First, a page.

Free lecture opportunity at De Montfort University

Posted by 2563 on April 20, 2017

Free lecture opportunity at De Montfort University

April 20, 2017 at 3:50 PM

3rd May 2017 - 5.30 to 8.30pm

Lecture Synopsis:

Human balance has evolved into a complex and highly tuned network of reflexes that allows us to stay upright and know where we are in space. The three principal contributors are the vestibular system located in the inner ear, the visual system, and proprioception in our joints. Inputs from each are integrated in the brain. It is an elegant mechanism and one we are generally blissfully unaware of. Until it goes wrong.

Professor Degg will present the first of 2 lectures. He will explain what balance actually is and what we gain from it helped by patients’ experiences. He will simplify the anatomical and physiological mechanisms of balance using a number of  models he has developed himself. He will then show how we are able to recalibrate our own balance systems – critical to treatment and aging.

Professor Degg will explore how we test our balance systems when they are working – and when they are not. This is not easy for scientists as most measurements are indirect and clouded by multiple pathways and often multiple pathologies. And he will showcase the wonderful facilities available at De Montfort University allowing much of this work to be undertaken.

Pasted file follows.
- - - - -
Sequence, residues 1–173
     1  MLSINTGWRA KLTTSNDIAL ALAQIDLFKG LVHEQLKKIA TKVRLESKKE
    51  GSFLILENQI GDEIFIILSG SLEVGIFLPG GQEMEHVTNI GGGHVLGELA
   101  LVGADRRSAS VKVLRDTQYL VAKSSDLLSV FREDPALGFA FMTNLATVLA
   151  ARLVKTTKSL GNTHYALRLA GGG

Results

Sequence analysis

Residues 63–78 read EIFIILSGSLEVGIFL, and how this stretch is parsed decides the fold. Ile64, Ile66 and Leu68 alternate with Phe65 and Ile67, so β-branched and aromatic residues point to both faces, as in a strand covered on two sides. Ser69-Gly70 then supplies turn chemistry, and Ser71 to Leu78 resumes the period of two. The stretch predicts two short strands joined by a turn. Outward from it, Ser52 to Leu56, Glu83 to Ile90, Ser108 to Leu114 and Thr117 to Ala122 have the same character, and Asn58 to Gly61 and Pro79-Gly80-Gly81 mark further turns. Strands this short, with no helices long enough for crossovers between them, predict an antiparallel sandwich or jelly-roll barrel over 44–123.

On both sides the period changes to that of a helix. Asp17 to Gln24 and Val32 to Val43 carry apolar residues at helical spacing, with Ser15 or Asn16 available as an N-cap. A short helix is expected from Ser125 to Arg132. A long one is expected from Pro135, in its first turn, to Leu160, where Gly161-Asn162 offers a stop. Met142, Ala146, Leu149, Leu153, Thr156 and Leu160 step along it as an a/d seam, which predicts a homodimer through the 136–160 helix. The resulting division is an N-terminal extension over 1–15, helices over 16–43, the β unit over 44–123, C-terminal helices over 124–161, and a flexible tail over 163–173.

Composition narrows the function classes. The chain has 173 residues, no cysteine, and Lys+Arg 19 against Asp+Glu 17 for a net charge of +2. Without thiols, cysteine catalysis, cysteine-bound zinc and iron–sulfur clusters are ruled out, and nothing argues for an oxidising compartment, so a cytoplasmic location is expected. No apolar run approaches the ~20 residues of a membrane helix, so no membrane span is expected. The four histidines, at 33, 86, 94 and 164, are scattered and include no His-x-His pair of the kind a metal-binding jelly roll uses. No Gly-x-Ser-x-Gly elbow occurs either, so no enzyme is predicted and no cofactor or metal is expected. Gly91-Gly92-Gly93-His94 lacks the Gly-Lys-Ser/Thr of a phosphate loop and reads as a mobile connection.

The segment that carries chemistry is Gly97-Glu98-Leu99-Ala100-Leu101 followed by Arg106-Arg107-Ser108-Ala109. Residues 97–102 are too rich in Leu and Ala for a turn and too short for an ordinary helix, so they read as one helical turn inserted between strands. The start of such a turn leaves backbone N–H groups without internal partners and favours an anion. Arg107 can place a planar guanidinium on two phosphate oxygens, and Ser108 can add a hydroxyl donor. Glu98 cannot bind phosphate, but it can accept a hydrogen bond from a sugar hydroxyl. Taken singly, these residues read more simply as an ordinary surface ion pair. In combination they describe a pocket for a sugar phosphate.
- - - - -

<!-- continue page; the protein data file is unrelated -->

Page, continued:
Professor Rea will undertake the second lecture. He will explore what happens when our balance system fails us. He will demonstrate how incredibly common this problem is (30% of us will see our GP before the age of 65 with dizziness) and how distressing it can be– yet it is a problem others cannot see. He will use a number of remarkable conditions, using real patient stories, drawing from his clinical experience to show the catastrophic consequences of failures in any one of multiple bodily systems involved in balance.

Professor Rea will then look at how Leicester is playing a leading role in helping develop treatments and investigations for disorders of balance with some remarkable results we should all be proud of.

Throughout both talks Professors Degg and Rea will share their life long fascination with disorders of balance, but promise not to assume any great scientific knowledge from the audience. So please do join us.

More details at this link: